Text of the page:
Clarence L. Mcclain, Plaintiff-appellant, v. United States Department of Justice, Defendant-appellee, 13 F.3d 220 (7th Cir. 1993)Annotate this Case
Submitted Dec. 1, 1993. Decided Dec. 29, 1993
Clarence L. McClain, pro se.
James M. Kuhn, Asst. U.S. Atty., Office of the U.S. Atty., Chicago, IL, for defendants-appellees.
Before WOOD, Jr., EASTERBROOK, and RIPPLE, Circuit Judges.
EASTERBROOK, Circuit Judge.
Clarence McClain served time in prison for a variety of offenses arising out of an influence-peddling scheme swirling around Chicago's efforts to collect parking tickets more effectively. United States v. McClain, 934 F.2d 822 (7th Cir. 1991). McClain asked the Federal Bureau of Investigation and other parts of the Department of Justice to open their files on his investigation and prosecution. Eventually the FBI located more than 9,600 documents containing McClain's name, which it offered to duplicate for approximately $950. McClain declined to pay and filed this suit under the Freedom of Information Act, seeking a waiver of copying fees.
"Documents shall be furnished without any charge or at a charge reduced below the fees established [elsewhere] if the disclosure of the information is in the public interest because it is likely to contribute significantly to public understanding of the operations or activities of the government and is not primarily in the commercial interest of the requester." 5 U.S.C. § 552(a) (4) (A) (iii). McClain sought the documents primarily to facilitate a challenge to his conviction; this is not a "commercial" interest. But the FBI concluded that disclosure of the files would not "contribute significantly to public understanding of the operations or activities of the government". "An agency's finding that a fee waiver does not satisfy the public interest standard will be upheld unless the finding is arbitrary or capricious." National Treasury Employees Union v. Griffin, 811 F.2d 644, 647 (D.C. Cir. 1987); see also Savage v. CIA, 826 F.2d 561, 563 (7th Cir. 1987) (deferential review on the administrative record). The district court concluded that the FBI's decision was not arbitrary; we concur.
Details of the investigation and prosecution were explored during the criminal trial. McClain and his lawyers pored over the prosecutor's files (the United States Attorney for the Northern District of Illinois has an open-file policy) and had access to compulsory process to scare up additional evidence. The trial contributed, perhaps "significantly," to an understanding of Chicago's operations and the chicanery of hangers-on such as McClain; we doubt that more documents in the same vein have much to contribute to an understanding of the national government ("the government" to which the FOIA refers). McClain disagrees, characterizing the investigation and trial as more persecution than prosecution, and hinting gravely at conspiracies and racial discrimination. Such contentions were resolved against him at trial and on appeal; the FBI need not indulge his self-interested view of matters at this late date.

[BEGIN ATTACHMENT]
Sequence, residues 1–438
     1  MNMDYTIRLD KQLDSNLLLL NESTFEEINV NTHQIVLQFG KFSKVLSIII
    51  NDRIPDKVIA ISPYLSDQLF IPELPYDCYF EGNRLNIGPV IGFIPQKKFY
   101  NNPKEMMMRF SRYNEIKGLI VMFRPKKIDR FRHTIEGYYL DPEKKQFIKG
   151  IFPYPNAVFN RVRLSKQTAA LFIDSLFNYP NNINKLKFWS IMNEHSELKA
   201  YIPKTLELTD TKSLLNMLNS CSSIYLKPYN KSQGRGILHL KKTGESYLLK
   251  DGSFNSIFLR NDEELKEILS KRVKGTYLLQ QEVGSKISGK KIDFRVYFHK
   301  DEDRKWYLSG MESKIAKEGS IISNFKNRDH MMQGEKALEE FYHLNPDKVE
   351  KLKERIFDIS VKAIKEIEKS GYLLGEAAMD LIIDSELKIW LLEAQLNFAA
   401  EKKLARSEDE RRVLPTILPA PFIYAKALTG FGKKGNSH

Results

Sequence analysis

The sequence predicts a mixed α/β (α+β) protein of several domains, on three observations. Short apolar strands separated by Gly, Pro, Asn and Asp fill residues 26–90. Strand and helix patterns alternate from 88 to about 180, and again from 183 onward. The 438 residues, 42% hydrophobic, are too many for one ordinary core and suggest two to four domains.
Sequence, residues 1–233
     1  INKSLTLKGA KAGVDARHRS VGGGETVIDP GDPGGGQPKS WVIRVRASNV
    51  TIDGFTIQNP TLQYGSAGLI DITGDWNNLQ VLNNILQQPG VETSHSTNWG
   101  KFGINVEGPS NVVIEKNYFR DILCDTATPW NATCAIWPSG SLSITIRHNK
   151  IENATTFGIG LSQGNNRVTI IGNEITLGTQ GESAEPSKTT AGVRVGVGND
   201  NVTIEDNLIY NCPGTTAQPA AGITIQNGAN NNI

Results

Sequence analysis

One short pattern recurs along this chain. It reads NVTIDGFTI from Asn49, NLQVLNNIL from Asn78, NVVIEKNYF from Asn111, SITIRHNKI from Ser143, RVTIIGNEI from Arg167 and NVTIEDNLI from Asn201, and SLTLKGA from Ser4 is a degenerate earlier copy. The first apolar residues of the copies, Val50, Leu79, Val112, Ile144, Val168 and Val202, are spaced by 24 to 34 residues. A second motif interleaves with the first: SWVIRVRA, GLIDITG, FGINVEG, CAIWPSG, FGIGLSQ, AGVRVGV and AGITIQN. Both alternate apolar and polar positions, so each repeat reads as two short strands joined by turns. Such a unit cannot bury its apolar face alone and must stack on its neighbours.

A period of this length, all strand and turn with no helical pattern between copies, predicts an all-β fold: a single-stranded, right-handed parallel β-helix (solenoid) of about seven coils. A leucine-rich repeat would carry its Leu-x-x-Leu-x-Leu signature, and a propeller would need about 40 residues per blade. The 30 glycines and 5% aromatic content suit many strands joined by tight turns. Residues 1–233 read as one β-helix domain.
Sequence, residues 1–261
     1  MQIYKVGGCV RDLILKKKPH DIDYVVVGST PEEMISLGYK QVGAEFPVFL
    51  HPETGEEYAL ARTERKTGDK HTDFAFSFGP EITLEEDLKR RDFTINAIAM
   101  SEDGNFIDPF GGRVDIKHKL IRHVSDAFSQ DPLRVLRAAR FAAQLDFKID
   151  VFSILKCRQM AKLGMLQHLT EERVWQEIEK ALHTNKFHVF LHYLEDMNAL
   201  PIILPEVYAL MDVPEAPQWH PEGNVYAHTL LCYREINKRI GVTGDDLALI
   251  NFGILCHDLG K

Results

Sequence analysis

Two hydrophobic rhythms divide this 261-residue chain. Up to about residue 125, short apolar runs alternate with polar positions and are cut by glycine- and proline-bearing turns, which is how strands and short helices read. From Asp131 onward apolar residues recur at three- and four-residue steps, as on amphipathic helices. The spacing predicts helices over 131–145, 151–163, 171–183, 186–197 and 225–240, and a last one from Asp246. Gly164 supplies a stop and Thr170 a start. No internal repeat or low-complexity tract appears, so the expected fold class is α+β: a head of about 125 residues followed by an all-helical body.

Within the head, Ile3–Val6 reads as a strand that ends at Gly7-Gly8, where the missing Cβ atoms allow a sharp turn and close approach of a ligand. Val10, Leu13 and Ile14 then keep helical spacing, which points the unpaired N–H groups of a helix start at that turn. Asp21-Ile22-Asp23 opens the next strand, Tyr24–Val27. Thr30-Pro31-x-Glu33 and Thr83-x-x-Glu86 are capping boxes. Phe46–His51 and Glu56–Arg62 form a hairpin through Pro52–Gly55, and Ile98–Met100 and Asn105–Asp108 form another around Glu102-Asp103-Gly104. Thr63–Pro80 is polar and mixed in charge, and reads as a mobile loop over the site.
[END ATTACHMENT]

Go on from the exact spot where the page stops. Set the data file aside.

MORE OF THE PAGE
McClain avers that the Congressional Black Caucus, the National Council of Churches, and unnamed reporters are interested in the prosecution, and that he would turn the documents over to them so that they may bring injustices to light. Nothing in the record other than McClain's say-so suggests that any of these groups is keen to examine the material the FBI has accumulated. Anyone can tell a story, and the desire to save money would encourage people to conjure up lists of persons who could use the documents and to imagine that they might actually want them. We must assess this case in light of the identity and objectives of the actual requester; otherwise even a firm seeking documents to assemble a mailing list could obtain them for free on the pretext that after it was done it would turn them over to a reporter interested in the operation of the mail order business. McClain wants the documents to serve his own interest in vindication, and this private interest differs from "public understanding of the operations or activities of the government". See Savage, 826 F.2d at 563; McClellan Ecological Seepage Situation v. Carlucci, 835 F.2d 1282, 1285-86 (9th Cir. 1987). Anyone other than McClain who wants these documents may ask for himself.
Even a request from a newspaper or nonprofit institution would not lead to an automatic waiver of fees. Prices serve to ration access. Nonprofit status does not yield free access to facts; university libraries must pay for their books and journals. The press has an insatiable appetite for information, and the need to pay something for it leads everyone to ask whether the data are worth the marginal costs. Section 552(a) (4) (A) (ii) says that educational and scientific institutions, and the press, may be charged the normal costs of duplication, albeit not the costs of search. Duplication is all the FBI wants McClain to pay for. No matter who asks, a waiver of duplication fees depends on proof that disclosure would "contribute significantly to public understanding of the operations or activities of the government". We do not see a prospect of such a contribution, let alone a "significant" one.